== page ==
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The first zero carbon building opens in Hong Kong

Jenny Ho Jenny Ho East Asia Press Office,Hong Kong
27 June 2012

The Construction Industry Council (CIC)’s Zero Carbon Building (ZCB), engineered by Arup as the first of its kind in Hong Kong, was opened yesterday.

ZCB was designed by Ronald Lu & Partners (HK) Ltd, while Arup provided green building design and multidisciplinary engineering services to this pioneering project to showcase state-of-the-art zero carbon building technologies and raise community awareness of sustainable living in Hong Kong.

The building is a remarkable addition to Arup’s long track record of sustainable building design, following on from the successful delivery of Beddington Zero Carbon Development (BedZED) in the UK, the California Academy of Sciences in the US, and Samsung GREEN TOMORROW in Korea.

The project represents a new milestone for green building development in Hong Kong. It will encourage the adoption of green and low carbon elements in construction.

- Mr John Tsang Chun-wah, Financial Secretary of HKSAR Government

The building goes beyond the traditional definition of zero carbon. It is connected to the local grid and produces renewable energy on site, from a combination of photovoltaic panels and a biodiesel tri-generation system, to offset the power consumed on an annual basis. The excess will be exported to the local grid to cover the embodied energy of its construction process and building materials.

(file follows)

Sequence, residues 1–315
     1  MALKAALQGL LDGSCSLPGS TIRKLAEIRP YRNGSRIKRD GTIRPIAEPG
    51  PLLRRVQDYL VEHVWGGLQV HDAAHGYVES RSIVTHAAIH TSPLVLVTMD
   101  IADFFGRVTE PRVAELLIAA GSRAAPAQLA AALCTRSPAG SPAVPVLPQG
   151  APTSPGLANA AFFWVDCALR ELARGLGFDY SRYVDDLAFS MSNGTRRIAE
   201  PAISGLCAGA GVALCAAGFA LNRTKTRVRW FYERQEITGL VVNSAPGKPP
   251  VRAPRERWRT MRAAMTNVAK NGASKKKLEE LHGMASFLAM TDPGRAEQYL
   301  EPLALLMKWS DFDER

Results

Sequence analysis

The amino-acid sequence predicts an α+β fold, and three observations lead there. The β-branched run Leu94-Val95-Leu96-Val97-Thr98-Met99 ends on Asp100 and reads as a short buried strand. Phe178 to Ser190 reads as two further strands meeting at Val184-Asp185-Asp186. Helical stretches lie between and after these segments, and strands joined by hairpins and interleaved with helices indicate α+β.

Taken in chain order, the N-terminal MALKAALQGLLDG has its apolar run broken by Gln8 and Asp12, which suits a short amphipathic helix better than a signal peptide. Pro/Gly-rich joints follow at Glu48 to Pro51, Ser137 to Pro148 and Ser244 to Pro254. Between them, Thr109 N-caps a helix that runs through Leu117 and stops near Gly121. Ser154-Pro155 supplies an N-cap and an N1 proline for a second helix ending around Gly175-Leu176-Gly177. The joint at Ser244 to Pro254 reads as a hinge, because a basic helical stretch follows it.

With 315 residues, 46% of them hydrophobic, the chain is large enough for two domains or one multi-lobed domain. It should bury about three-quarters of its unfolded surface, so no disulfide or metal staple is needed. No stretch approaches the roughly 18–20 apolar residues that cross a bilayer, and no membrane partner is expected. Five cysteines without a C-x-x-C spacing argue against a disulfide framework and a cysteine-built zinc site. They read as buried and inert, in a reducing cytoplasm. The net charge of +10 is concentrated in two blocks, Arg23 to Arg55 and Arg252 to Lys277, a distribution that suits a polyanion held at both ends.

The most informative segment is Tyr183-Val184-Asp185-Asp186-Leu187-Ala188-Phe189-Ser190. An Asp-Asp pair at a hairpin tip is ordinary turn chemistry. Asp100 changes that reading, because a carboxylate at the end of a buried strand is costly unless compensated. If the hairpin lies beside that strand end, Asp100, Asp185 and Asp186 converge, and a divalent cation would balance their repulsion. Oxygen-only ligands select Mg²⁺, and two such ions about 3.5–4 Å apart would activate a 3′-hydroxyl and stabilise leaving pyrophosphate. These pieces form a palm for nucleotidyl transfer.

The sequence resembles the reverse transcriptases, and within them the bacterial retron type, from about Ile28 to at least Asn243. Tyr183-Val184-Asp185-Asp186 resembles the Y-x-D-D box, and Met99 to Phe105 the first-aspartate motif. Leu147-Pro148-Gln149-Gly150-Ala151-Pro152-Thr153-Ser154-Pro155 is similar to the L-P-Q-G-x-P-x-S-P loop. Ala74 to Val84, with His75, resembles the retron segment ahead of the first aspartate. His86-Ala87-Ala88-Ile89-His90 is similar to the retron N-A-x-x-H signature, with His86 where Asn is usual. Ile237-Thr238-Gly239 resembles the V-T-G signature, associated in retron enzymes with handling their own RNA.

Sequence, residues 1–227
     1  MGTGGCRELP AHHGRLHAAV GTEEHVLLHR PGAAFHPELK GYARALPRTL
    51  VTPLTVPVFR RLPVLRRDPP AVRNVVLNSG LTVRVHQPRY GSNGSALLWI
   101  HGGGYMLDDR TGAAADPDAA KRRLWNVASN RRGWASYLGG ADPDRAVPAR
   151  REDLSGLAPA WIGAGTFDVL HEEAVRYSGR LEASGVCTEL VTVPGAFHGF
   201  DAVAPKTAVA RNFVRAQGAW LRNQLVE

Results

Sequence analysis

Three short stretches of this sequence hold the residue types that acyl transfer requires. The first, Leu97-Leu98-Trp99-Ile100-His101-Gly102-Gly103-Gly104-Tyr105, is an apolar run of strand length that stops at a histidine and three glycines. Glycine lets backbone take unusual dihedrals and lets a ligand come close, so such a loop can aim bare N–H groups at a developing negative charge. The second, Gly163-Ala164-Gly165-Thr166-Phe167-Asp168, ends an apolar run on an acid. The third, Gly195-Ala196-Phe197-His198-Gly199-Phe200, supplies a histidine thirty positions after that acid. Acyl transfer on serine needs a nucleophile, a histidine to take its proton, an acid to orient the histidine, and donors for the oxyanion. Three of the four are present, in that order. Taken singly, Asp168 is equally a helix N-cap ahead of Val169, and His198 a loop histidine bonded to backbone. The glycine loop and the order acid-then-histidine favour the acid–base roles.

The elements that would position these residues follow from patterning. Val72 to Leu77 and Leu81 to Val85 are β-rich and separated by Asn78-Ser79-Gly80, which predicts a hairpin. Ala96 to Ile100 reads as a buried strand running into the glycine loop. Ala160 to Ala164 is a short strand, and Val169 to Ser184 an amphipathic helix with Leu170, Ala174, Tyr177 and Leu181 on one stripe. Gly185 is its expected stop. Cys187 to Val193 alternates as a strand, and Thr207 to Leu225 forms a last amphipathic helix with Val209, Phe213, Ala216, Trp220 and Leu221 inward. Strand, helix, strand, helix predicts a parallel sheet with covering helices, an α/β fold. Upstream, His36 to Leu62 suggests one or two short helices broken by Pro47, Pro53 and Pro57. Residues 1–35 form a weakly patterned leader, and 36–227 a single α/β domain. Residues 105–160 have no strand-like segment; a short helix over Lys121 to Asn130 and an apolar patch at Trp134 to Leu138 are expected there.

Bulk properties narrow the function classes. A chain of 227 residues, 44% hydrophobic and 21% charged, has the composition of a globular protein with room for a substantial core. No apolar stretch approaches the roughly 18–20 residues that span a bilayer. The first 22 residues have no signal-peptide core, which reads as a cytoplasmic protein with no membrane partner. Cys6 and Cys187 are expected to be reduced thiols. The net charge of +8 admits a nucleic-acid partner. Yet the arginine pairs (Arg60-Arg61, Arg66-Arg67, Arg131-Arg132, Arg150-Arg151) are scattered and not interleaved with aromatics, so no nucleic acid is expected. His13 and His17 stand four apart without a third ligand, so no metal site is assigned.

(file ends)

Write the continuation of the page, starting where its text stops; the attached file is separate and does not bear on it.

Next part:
The large-scale use of biodiesel as a renewable tri-generation fuel is also a first in Hong Kong. The system will use waste cooking oil to generate power, solving two problems – waste treatment and energy generation – in one go.

ZCB is a pioneer and inspiring project, not only for the construction industry, but for Hong Kong in general. He opined that the project would become a model and inspire more and more zero or low carbon buildings in Hong Kong.

- Mr Lee Shing-see, CIC Chairman

Overall, the building has been fitted out with more than 90 cutting-edge environmental features, which will allow local and international researchers to explore and understand future design practice.

To achieve carbon neutrality, an integrated approach has been adopted. Apart from the advanced technologies, we have also made every effort to minimise material use and embodied energy through efficient structural design and low carbon construction practices.

- Dr Raymond Yau, Arup Director

The project creates a new kind of environment that integrates work, education and social well-being. The 3-storey building comprises an indoor exhibition and education space, a showcase eco-home, eco-offices and a multipurpose hall; and the open space is the first native urban woodland in Hong Kong.